"Light bulbs over my head the more I read," she said. "My husband had been living a lifetime with two neurological-biological-developmental disabilities -- and no one knew it except his family, behind closed doors." She boils down her existence as a "neurotypical" -- a term for someone not on the autism spectrum -- spouse to one word: lonely.
In 1997, Rodman founded the international support group Families of Adults Affected by Asperger's Syndrome.
Holliday Willey's father also had Asperger's for most of his life, but only discovered that as an older man.
"My father was 75 when he was diagnosed," she said. "At that point, he said, 'Now I understand why I was bullied. Now I understand why I was never promoted to management.' He was a brilliant engineer. But he didn't have that social communication, that nonverbal communication, those sensory problems adjusted for."
Her mother -- the neurotypical in the family -- had a lot to deal with, Holliday Willey said.
"My mom was under the impression that I didn't like her, didn't love her, didn't respect her. I didn't hug her," she said. "Now that she knows it was not her -- it was our neural wiring -- she'll say, 'Give me a hug if you hate it or not; it's for me.' So I'll hug her and go, 'Eww, that's enough, let go,' and she'll tease me about it."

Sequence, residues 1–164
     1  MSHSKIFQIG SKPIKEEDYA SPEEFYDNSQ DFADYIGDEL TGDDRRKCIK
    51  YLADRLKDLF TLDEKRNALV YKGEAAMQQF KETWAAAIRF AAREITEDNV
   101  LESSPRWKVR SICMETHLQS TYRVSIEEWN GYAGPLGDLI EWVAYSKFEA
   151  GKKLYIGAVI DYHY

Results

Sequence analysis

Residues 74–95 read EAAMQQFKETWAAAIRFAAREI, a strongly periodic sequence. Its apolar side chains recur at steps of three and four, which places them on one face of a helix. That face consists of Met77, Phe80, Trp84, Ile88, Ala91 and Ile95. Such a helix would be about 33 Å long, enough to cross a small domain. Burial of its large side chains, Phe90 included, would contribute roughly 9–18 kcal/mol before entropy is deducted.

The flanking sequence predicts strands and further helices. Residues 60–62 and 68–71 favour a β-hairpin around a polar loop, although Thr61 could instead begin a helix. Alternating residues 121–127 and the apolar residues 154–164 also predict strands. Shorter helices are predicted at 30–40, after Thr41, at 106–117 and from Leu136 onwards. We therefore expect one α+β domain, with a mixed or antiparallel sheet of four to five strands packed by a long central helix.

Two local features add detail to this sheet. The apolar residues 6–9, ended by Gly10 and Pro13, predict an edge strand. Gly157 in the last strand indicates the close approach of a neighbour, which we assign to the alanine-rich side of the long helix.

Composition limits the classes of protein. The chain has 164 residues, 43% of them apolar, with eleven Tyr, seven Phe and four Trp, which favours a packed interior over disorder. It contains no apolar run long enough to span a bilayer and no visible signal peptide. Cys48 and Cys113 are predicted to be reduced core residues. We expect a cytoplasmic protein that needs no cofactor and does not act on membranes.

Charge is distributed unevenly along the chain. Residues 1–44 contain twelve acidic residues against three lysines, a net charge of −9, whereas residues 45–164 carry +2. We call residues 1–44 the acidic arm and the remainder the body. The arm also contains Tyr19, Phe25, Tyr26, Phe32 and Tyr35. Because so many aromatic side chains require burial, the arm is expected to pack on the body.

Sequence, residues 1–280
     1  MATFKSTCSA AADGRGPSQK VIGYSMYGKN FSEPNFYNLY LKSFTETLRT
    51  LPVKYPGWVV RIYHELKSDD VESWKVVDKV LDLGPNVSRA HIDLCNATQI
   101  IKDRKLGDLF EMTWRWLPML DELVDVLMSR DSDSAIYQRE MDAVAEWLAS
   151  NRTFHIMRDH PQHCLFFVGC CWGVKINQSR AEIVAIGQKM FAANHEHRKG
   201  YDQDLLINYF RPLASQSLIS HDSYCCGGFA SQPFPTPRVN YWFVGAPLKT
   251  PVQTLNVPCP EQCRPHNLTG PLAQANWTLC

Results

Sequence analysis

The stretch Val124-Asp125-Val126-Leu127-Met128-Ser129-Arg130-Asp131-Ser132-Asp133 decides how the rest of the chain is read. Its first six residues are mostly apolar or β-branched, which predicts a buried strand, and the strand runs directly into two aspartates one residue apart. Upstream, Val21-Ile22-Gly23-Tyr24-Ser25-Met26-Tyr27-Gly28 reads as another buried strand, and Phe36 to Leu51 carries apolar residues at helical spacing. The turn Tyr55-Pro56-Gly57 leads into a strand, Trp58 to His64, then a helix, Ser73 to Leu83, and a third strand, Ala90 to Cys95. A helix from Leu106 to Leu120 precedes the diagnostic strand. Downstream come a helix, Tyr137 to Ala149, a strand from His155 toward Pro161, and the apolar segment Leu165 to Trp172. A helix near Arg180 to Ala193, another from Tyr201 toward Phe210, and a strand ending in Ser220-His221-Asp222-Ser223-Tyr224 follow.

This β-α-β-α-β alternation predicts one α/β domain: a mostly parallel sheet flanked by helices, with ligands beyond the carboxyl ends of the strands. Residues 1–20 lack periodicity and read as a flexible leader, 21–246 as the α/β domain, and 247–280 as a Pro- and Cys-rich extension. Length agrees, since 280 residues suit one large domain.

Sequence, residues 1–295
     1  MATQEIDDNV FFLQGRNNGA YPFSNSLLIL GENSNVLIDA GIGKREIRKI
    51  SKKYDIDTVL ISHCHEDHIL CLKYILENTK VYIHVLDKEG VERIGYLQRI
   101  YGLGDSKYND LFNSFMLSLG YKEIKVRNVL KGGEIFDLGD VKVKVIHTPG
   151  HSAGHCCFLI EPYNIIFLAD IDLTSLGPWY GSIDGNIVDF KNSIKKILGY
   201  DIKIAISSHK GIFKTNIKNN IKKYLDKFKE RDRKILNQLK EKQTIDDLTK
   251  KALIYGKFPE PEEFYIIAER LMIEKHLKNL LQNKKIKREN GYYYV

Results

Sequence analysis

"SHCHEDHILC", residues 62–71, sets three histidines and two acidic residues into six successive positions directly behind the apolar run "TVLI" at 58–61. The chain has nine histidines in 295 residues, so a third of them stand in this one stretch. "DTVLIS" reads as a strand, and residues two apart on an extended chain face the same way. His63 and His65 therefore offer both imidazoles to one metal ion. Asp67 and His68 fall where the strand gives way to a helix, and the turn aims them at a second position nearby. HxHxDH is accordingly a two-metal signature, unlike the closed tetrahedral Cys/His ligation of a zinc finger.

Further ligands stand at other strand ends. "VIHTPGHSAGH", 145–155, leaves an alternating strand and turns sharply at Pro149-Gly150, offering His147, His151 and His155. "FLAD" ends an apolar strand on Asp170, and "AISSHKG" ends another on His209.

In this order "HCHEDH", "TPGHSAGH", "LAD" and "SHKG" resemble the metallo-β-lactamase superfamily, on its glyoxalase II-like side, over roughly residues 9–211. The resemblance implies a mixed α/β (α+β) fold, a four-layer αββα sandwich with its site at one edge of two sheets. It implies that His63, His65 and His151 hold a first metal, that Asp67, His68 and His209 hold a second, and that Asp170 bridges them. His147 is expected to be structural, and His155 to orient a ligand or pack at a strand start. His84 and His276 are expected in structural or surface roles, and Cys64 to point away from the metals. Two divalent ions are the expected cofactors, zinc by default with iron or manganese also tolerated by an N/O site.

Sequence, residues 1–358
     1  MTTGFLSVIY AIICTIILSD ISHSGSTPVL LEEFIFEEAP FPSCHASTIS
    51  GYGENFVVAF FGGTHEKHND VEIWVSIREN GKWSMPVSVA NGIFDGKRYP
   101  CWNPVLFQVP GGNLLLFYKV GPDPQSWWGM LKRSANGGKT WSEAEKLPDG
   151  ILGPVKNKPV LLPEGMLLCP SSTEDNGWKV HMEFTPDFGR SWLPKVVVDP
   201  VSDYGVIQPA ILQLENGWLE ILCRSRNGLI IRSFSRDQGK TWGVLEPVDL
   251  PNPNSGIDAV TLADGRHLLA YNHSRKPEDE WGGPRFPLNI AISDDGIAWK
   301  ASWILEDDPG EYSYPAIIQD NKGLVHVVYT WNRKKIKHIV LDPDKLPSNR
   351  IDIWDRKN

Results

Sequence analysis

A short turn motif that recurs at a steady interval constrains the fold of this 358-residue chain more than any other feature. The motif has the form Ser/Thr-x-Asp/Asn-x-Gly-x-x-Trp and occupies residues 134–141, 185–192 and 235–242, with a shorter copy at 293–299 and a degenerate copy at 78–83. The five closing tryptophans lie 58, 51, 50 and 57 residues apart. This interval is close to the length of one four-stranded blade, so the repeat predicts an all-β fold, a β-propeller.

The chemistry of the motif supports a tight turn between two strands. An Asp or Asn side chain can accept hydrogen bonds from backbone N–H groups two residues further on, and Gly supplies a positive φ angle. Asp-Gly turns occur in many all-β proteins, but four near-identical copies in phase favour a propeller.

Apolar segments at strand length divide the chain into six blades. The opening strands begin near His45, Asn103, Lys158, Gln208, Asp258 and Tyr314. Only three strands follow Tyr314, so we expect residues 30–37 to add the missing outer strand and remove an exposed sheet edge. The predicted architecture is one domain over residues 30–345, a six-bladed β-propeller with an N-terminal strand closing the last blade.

To learn more about living with Asperger's, visit Families of Adults Affected With Asperger's Syndrome.
SOURCES: Liane Holliday Willey, senior editor, Autism Spectrum Quarterly, and autism consultant, Grand Rapids, Mich.; Brian R. King, L.C.S.W., relationship coach, Illinois; Eric Lipshaw, college student, Oakland University, Rochester, Mich.; Karen Rodman, president and founder, Families of Adults Affected with Asperger's Syndrome
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